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Common technical indicators

Moving average


The MA – or ‘simple moving average’ (SMA) – is an indicator used to identify the direction of a current price trend, without the interference of shorter-term price spikes. The MA indicator combines price points of a financial instrument over a specified time frame and divides it by the number of data points to present a single trend line.

The data used depends on the length of the MA. For example, a 200-day MA requires 200 days of data. By using the MA indicator, you can study levels of support and resistance and see previous price action (the history of the market). This means you can also determine possible future patterns.

Exponential moving average


EMA is another form of moving average. Unlike the SMA, it places a greater weight on recent data points, making data more responsive to new information. When used with other indicators, EMAs can help traders confirm significant market moves and gauge their legitimacy.

The most popular exponential moving averages are 12- and 26-day EMAs for short-term averages, whereas the 50- and 200-day EMAs are used as long-term trend indicators.

Stochastic oscillator


A stochastic oscillator is an indicator that compares a specific closing price of an asset to a range of its prices over time – showing momentum and trend strength. It uses a scale of 0 to 100. A reading below 20 generally represents an oversold market and a reading above 80 an overbought market. However, if a strong trend is present, a correction or rally will not necessarily ensue.

Moving average convergence divergence


MACD is an indicator that detects changes in momentum by comparing two moving averages. It can help traders identify possible buy and sell opportunities around support and resistance levels.

‘Convergence’ means that two moving averages are coming together, while ‘divergence’ means that they’re moving away from each other. If moving averages are converging, it means momentum is decreasing, whereas if the moving averages are diverging, momentum is increasing.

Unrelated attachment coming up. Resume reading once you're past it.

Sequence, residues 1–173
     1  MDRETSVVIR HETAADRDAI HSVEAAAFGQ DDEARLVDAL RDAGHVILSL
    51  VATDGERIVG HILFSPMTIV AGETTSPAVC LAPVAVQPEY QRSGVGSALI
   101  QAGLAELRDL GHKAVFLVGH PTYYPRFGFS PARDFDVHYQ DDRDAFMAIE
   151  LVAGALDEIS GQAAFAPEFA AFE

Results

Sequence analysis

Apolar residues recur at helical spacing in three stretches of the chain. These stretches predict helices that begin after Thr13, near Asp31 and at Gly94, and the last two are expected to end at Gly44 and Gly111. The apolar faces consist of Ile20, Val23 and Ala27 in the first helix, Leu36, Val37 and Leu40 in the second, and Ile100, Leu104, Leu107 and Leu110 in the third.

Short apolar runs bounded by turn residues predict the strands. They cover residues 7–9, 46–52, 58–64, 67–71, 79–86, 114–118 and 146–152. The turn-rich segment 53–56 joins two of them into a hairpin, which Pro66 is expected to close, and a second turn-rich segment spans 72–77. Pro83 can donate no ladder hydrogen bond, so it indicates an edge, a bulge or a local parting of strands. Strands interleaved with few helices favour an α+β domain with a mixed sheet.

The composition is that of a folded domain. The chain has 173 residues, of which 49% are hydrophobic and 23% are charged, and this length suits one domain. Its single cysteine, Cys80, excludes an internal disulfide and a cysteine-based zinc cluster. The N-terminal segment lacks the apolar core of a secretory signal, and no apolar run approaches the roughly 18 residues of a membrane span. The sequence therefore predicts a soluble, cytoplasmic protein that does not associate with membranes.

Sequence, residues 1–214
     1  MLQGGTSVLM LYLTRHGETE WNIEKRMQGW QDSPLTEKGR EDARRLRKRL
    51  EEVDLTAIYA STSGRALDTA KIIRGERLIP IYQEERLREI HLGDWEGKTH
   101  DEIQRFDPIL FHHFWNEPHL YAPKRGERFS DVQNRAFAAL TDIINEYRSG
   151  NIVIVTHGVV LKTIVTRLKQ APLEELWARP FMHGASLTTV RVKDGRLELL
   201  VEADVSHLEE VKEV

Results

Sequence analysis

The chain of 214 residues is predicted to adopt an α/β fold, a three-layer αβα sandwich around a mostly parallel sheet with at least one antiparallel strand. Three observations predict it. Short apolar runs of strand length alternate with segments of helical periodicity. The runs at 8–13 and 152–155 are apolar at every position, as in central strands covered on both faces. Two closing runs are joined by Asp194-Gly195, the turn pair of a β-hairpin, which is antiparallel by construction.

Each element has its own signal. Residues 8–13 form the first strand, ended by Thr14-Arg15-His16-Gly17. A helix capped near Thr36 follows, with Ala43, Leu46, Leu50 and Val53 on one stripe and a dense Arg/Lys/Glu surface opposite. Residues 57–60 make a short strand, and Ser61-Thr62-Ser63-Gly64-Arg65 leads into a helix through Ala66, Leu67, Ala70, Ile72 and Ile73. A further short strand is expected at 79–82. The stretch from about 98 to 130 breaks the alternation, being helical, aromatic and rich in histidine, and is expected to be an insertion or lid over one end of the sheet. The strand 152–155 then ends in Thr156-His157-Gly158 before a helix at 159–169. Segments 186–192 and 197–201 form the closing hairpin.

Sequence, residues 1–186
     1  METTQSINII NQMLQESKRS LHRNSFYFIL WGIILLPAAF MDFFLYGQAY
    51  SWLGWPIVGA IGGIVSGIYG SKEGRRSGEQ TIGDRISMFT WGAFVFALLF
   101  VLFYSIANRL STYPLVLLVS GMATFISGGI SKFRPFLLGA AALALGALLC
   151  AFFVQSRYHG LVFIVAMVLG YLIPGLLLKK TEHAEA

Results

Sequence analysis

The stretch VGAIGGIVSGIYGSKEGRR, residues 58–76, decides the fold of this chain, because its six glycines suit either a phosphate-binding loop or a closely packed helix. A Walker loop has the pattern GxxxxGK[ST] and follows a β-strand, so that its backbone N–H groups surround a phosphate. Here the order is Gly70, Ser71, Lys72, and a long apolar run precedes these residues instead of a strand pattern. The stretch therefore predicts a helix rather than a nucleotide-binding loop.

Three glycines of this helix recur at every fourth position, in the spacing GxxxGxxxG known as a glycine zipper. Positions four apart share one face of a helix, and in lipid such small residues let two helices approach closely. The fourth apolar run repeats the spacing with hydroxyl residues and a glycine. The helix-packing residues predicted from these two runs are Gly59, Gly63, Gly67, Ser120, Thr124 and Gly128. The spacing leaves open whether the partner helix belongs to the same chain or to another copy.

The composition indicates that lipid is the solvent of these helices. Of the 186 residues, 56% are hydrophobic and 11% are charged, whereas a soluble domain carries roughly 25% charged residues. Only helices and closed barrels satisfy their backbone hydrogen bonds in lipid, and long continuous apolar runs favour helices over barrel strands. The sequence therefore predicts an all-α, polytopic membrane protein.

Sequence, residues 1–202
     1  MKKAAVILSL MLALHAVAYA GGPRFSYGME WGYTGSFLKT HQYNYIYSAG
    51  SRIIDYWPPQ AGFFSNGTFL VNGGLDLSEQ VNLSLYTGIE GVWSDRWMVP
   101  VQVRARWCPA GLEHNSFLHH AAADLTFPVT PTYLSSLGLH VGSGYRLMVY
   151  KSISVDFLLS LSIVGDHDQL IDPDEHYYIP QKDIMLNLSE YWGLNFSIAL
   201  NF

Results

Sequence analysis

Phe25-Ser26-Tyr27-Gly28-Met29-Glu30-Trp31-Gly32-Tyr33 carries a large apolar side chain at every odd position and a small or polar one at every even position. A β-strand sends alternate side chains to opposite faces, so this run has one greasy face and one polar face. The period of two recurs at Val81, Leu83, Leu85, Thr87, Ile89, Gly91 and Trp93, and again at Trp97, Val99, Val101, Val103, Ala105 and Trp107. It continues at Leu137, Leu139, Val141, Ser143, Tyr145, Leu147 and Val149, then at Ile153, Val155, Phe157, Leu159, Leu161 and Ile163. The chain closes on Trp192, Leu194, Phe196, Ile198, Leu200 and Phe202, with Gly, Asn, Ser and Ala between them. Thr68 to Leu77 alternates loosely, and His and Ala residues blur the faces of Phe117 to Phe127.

Bollinger bands


A Bollinger band is an indicator that provides a range within which the price of an asset typically trades. The width of the band increases and decreases to reflect recent volatility. The closer the bands are to each other – or the ‘narrower’ they are – the lower the perceived volatility of the financial instrument. The wider the bands, the higher the perceived volatility.

Bollinger bands are useful for recognising when an asset is trading outside of its usual levels, and are used mostly as a method to predict long-term price movements. When a price continually moves outside the upper parameters of the band, it could be overbought, and when it moves below the lower band, it could be oversold.

Relative strength index


RSI is mostly used to help traders identify momentum, market conditions and warning signals for dangerous price movements. RSI is expressed as a figure between 0 and 100. An asset around the 70 level is often considered overbought, while an asset at or near 30 is often considered oversold.

An overbought signal suggests that short-term gains may be reaching a point of maturity and assets may be in for a price correction. In contrast, an oversold signal could mean that short-term declines are reaching maturity and assets may be in for a rally.

Fibonacci retracement


Fibonacci retracement is an indicator that can pinpoint the degree to which a market will move against its current trend. A retracement is when the market experiences a temporary dip – it is also known as a pullback.

Traders who think the market is about to make a move often use Fibonacci retracement to confirm this. This is because it helps to identify possible levels of support and resistance, which could indicate an upward or downward trend. Because traders can identify levels of support and resistance with this indicator, it can help them decide where to apply stops and limits, or when to open and close their positions.


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